The Vermont Center on Behavior and Health (VCBH) was established in 2013, sponsored in part by a Centers of Biomedical Research Excellence (COBRE) Award, from the National Institute on General Medical Sciences. Other sources of federal funding include an Institutional Training Award from the National Institute on Drug Abuse and individual research and training awards from the National Institute on Child Health and Human Development, National Institute on Drug Abuse, and the National Institute on Mental Health.
The VCBH resides within the College of Medicine at the University of Vermont, with the director and administrative offices being located within the Department of Psychiatry, and participating investigators, collaborators, and advisors across 15 academic departments in the College of Medicine and 7 colleges within the University of Vermont and 5 other universities. The VCBH is further strengthened by interdisciplinary collaborations with key community healthcare leaders and distinguished scientific advisory panels.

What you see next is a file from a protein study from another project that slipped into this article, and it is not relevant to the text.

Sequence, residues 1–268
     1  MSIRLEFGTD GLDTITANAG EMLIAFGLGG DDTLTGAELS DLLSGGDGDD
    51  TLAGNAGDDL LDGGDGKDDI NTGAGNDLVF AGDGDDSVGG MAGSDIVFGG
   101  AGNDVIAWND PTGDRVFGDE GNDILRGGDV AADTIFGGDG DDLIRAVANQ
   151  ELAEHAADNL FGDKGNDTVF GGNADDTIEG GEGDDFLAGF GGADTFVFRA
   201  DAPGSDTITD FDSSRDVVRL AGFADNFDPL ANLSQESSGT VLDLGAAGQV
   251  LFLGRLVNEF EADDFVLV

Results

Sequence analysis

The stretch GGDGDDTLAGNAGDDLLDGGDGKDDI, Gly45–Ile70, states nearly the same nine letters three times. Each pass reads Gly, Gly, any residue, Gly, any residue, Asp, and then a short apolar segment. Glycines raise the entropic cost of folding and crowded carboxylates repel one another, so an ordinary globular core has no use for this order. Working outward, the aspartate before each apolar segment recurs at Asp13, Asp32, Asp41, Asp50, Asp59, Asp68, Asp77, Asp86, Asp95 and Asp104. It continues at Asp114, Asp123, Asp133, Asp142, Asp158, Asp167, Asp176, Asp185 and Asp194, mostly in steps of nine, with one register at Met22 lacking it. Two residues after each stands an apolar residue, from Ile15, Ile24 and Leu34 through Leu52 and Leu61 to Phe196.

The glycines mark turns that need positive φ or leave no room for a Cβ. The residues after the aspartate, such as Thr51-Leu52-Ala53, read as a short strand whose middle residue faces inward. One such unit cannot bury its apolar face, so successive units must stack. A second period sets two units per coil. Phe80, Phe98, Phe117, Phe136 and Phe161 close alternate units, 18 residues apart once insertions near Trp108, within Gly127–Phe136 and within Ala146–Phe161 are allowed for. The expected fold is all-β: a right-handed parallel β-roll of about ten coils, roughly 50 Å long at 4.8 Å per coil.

The focus of the Center is on investigating relationships between personal behaviors and risk for chronic disease and premature death, with a specific focus on understanding mechanisms underpinning risk, and developing effective interventions and policies to promote healthy behavior. A common thread across VCBH research projects is the application of knowledge from the disciplines of behavioral economics and behavioral pharmacology to (a) increase understanding of vulnerability to unhealthy behavior and (b) the use of incentives and other behavioral and pharmacological interventions to support healthy behavior change interventions and policies. The contribution of socioeconomic factors to vulnerability and the need for interventions and policies to promote health and reduce disparities in disadvantaged populations is an overarching VCBH focus. To our knowledge, the VCBH is the only NIH-funded center that is applying the disciplines of behavioral economics and behavioral pharmacology to tackling these enormous, interrelated U.S. public health challenges.